LSU dominates Miami, but Tigers still have questions to answer

ARLINGTON, Texas – Perhaps because this is LSU, and it’s what LSU does, the quarterback faked a handoff before looking to pass. Never mind that there was not actually a running back in the immediate vicinity.

It was an odd moment, but somehow it worked. Joe Burrow faked to no one, then found an open receiver on a deep crossing route, and hit him. And then a whole lot of people wearing purple and gold cheered very loudly.

We bring up the sequence because the Tigers’ 33-17 victory against No. 8 Miami on Sunday night at AT&T Stadium was an odd amalgam of unexpected dominance coupled with the potential emergence of a functional quarterback. Foundationally, though, it seemed like a large dose of the same old LSU – with all its pluses and imperfections. Somehow it worked.

“Everyone’s been talking about other teams being who they are,” junior rover Devin White said. “At the end of the day, we’re LSU and we wanted to prove it.”

Who are they? It’s too soon to draw any real conclusions. But the first impression was good – even if some important questions remain unanswered.

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“We made a big statement,” said LSU cornerback Greedy Williams, and he’s correct.

The Tigers’ performance showed how little preseason polls mean; Miami was ranked No. 8, LSU No. 24. It’s too much to suggest they swap spots – whether LSU is worthy of the top 10, we’ll see – but the Hurricanes definitely weren’t. If nothing else, LSU’s big statement also served as a reminder of how quickly the volatile vibe around the program can swing from one extreme to the other.

“We got a happy football team in there,” said Tigers coach Ed Orgeron, and this was after ‘Coach O’ had lumbered off the field yelling: “One and oh, baby! How ‘bout them Tigers!”

Yeah, how about them? We’d wondered throughout the offseason, when Orgeron got rid of offensive coordinator Matt Canada and elevated longtime assistant Steve Ensminger. August turmoil included transfers, arrests and suspensions. Underlying everything, as always, was the question of whether Orgeron was already on the hot seat heading into only his second full season, or simply headed there fast.

“It’s never about me,” Orgeron said. “It’s about the Tigers.”

Shortly after a 54-yard field goal clipped the cross bar and slid through to extend the lead to 33-3 late in the third quarter, the giant video screen showed a promotion for the College Football Playoff Semifinal at the Cotton Bowl on Dec. 29 and asked: "Who's in?" At least some of the fans probably considered the idea of the Tigers returning to Arlington very soon.

But hot takes from season openers become old takes exposed, sometimes by Week 2. Or in this case, maybe Sept. 15. That’s when LSU visits Auburn for what has emerged as a very early SEC West showdown.

On Sunday, we saw a fast, angry defense that stuffs the run and scares the passer. The Tigers sacked Miami quarterback Malik Rosier four times and pressured him into a couple of interceptions, including a pick-six before halftime that essentially secured victory.

But a stale, conventional offense remained a given.

In promoting Ensminger, Orgeron promised a spread offense and a 50-50 run-pass split. But it looked a lot more like what we’ve come to expect from the Tigers through the years: tight formations, plenty of runs with occasional play-action passing, not a lot of innovation. Or points, either.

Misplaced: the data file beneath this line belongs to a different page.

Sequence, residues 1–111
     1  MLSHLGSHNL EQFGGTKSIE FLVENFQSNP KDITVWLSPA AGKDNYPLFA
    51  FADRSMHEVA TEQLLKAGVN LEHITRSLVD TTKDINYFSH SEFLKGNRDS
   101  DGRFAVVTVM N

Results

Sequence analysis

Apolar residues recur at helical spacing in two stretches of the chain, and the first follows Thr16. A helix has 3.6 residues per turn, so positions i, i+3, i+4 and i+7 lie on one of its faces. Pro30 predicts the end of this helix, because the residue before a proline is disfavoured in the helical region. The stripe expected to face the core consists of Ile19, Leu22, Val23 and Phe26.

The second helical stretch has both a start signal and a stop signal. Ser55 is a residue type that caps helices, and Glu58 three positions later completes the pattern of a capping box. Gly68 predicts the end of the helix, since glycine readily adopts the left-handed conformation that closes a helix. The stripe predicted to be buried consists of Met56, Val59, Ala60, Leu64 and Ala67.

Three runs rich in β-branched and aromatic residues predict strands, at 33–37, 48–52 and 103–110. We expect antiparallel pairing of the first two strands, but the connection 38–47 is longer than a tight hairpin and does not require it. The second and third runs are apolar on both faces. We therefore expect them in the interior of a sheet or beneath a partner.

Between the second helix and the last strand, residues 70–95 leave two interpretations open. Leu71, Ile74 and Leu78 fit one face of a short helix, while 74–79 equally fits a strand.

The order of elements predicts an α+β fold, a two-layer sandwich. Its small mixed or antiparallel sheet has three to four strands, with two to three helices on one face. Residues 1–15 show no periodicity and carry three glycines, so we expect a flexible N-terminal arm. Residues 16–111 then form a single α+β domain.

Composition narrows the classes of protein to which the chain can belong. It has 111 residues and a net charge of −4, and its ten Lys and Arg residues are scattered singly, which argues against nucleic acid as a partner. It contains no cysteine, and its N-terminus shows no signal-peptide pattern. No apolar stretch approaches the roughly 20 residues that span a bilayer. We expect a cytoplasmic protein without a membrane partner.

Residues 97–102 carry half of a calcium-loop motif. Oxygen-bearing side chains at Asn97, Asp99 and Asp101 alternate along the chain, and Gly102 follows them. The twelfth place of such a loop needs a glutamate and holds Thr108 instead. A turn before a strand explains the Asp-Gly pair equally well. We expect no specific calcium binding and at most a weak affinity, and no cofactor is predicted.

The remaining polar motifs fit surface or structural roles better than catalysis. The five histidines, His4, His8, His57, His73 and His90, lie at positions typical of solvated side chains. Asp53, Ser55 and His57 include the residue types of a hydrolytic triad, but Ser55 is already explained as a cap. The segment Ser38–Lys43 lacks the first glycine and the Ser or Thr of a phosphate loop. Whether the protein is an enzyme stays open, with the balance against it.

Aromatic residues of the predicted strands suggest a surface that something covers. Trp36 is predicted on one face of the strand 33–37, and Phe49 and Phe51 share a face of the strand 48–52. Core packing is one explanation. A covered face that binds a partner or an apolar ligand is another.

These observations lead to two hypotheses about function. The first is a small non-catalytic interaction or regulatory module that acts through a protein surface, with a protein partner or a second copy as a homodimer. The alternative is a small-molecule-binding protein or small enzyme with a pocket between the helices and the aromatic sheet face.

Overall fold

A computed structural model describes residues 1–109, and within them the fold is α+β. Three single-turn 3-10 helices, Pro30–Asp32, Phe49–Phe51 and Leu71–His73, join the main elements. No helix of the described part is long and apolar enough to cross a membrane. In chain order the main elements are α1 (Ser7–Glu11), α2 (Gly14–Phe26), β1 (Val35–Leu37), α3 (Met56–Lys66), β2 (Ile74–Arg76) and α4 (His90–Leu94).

Several times, Orgeron made a point of saying Ensminger’s unit scored 33 points. He was miscounting the interception return. LSU scored two offensive touchdowns and four field goals and was actually outgained by Miami. Sunday provided reason to doubt much will change.

Here’s one thing, though. At long last, LSU might have a quarterback. In his first start since high school, Burrow, a graduate transfer from Ohio State, was not spectacular. He completed only 11 of 24 passes for 140 yards, though there were a couple of drops. But including that 37-yard pass on the play-action fake that wasn’t much of a fake, Burrow at least showed flashes of passing ability that we haven’t often seen at LSU in recent years. 

“Going into the game, we were going to throw the football if we could,” Orgeron said. “You know what? We couldn’t, not like we wanted to, but we could run it.”

More important was Burrow’s poise, including the moment he checked into a run play away from a blitz; senior running back Nick Brossette took it 50 yards for a touchdown.

Burrow said with the lead and LSU’s defense, he was intentionally conservative.

“I didn’t want to take too many chances,” he said, “because I knew how good a defense we have. I didn’t want to turn the ball over. Keep that (Miami) turnover chain in the box.”

It sounded like he could have been reading from his new program’s offensive mission statement. Burrow said he is still adjusting to the humidity, and he recently learned “it’s a sin to eat healthy in Louisiana,” because when he chooses salad and grilled chicken, he gets heckled by teammates. Wait until he figures out how fans heckle the Tigers when the offense stagnates.

“We didn’t do a bunch,” LSU wide receiver Jonathan Giles said. “It was just a little taste. It’s gonna be way more, a lot more passing going on.”

We’ll see soon enough. It would be nice to collect a few more data points, and to see if Burrow completes a few more passes – and if Ensminger’s offense evolves into something at least a tad more creative – before we make sweeping judgments about these Tigers.

“I have a lot of work to do,” Burrow said. “We have a lot of work to do. But that was a good start.”

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